Goodbye, Kinect: Microsoft officially ends manufacturing for the Xbox One sensor

Just shy of seven years after the first Kinect was sold, manufacturing for the Xbox One Kinect Sensor has officially ceased. Microsoft revealed the news via an interview with Fast Company. It's a quiet end for the motion-tracking, face-identifying, voice-recognizing sensor that Microsoft once held up as the future of play, and then as a primary interaction method for its all-in-one entertainment solution.

Kinect was first sold as an accessory for Xbox 360 in late 2010. Microsoft encouraged developers both internal and external to create a broad selection of games for the device; they were even sold in distinct purple plastic boxes, contrasting with the standard bright green design. With Xbox One it went even further, initially bundling a Kinect sensor with every system sold and dedicating a portion of their resources to running Kinect at all times. Microsoft walked that commitment back a year later and Kinect has been fading ever since; both Xbox One S and the upcoming Xbox One X require an extra USB adapter to even plug in a Kinect sensor.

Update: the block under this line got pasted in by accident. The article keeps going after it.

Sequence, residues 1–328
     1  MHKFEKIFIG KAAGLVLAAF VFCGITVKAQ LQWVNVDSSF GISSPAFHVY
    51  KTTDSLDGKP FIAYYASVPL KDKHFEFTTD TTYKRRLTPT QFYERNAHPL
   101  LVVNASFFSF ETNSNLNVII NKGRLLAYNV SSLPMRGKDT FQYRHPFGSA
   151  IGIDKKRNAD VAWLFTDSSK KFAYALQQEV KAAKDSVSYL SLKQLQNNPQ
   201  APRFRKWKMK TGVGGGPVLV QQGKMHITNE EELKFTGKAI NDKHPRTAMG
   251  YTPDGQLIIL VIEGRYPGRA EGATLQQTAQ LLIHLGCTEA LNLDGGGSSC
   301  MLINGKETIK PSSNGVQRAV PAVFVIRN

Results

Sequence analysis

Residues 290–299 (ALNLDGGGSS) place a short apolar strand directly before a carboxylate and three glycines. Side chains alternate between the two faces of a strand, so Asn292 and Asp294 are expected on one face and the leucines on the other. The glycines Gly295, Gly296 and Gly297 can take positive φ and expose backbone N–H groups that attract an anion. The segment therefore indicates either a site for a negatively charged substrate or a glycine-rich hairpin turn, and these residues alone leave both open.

Kinect's motion and voice controls were frequently divisive with players, and that was only when there were games to play that actually supported Kinect. The last big Xbox One game to make substantial use of Kinect support was, uh… Just Dance 2017? At least the technology at the heart of Kinect continues in many other forms; the Fast Company article notes that the sensor lives on as the the eyes of Microsoft's augmented reality project HoloLens. Not to mention the firm that first licensed Kinect's 3D tracking technology to Microsoft was bought out by Apple to power iPhone X's front camera.

If you need something to fill the Kinect-shaped hole in your heart, try perusing our list of the best Xbox One games.

Connor Sheridan

I got a BA in journalism from Central Michigan University - though the best education I received there was from CM Life, its student-run newspaper. Long before that, I started pursuing my degree in video games by bugging my older brother to let me play Zelda on the Super Nintendo. I've previously been a news intern for GameSpot, a news writer for CVG, and now I'm a staff writer here at GamesRadar.